Help available for Volunteer Affective Disorder

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An antidepressant won federal approval Monday as the first drug to treat Volunteer Affective Disorder, the seasonal blues that can strike when Coach Fulmer takes the spotlight.

To assist in diagnoses, a simple checklist has been created to allow individuals to decide if they need to schedule a visit to the doctor or request medication.

Are you struggling with any of the following symptoms?

  • 1. Depression that sets in immediately after the close of basketball season
  • 2. Increased sleep, such as dozing off during football games
  • 3. Increased appetite with weight gain, possibly leading to the consumption of items such as pork skins or cheese dip made with Velveeta
  • 4. Slow, sluggish, lethargic movement (similar to the Volunteer offensive line)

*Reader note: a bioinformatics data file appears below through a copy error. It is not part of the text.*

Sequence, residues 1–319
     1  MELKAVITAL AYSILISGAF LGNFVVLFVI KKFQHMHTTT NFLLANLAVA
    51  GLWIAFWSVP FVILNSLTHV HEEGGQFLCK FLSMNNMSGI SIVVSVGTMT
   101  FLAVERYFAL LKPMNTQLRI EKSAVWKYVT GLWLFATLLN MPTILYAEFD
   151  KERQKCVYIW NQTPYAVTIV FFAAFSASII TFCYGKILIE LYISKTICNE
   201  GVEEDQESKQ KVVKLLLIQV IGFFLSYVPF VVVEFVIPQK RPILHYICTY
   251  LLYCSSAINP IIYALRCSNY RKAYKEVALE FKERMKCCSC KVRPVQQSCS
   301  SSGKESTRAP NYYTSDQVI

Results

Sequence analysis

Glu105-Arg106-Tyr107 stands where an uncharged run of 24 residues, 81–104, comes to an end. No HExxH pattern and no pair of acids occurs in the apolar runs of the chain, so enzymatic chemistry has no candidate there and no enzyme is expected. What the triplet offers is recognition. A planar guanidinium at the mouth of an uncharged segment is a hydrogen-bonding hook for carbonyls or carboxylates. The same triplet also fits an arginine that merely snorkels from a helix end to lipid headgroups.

If you suffer from two or more of these symptoms, you may be suffering from Volunteer Affective Disorder or VAD. This disorder was identified and publicized in 2005 by members of the University of Tennessee Medical Center. Researchers estimate that approximately 42% of people living East Tennessee suffer periodic bouts of VAD. Men suffer from VAD three to four times more frequently than do women.

    In severe cases, physicians may prescribe a new antidepressant known as Voloft. Check with your physician on the appropriateness of medication use.

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